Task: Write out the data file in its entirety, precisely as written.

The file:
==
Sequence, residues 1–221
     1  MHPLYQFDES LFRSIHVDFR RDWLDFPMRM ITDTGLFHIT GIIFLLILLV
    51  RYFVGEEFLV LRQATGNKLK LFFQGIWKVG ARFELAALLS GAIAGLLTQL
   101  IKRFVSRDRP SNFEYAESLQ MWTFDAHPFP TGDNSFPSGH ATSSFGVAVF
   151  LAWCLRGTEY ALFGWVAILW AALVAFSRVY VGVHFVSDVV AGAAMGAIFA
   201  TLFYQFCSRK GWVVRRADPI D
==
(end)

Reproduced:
Sequence, residues 1–221
     1  MHPLYQFDES LFRSIHVDFR RDWLDFPMRM ITDTGLFHIT GIIFLLILLV
    51  RYFVGEEFLV LRQATGNKLK LFFQGIWKVG ARFELAALLS GAIAGLLTQL
   101  IKRFVSRDRP SNFEYAESLQ MWTFDAHPFP TGDNSFPSGH ATSSFGVAVF
   151  LAWCLRGTEY ALFGWVAILW AALVAFSRVY VGVHFVSDVV AGAAMGAIFA
   201  TLFYQFCSRK GWVVRRADPI D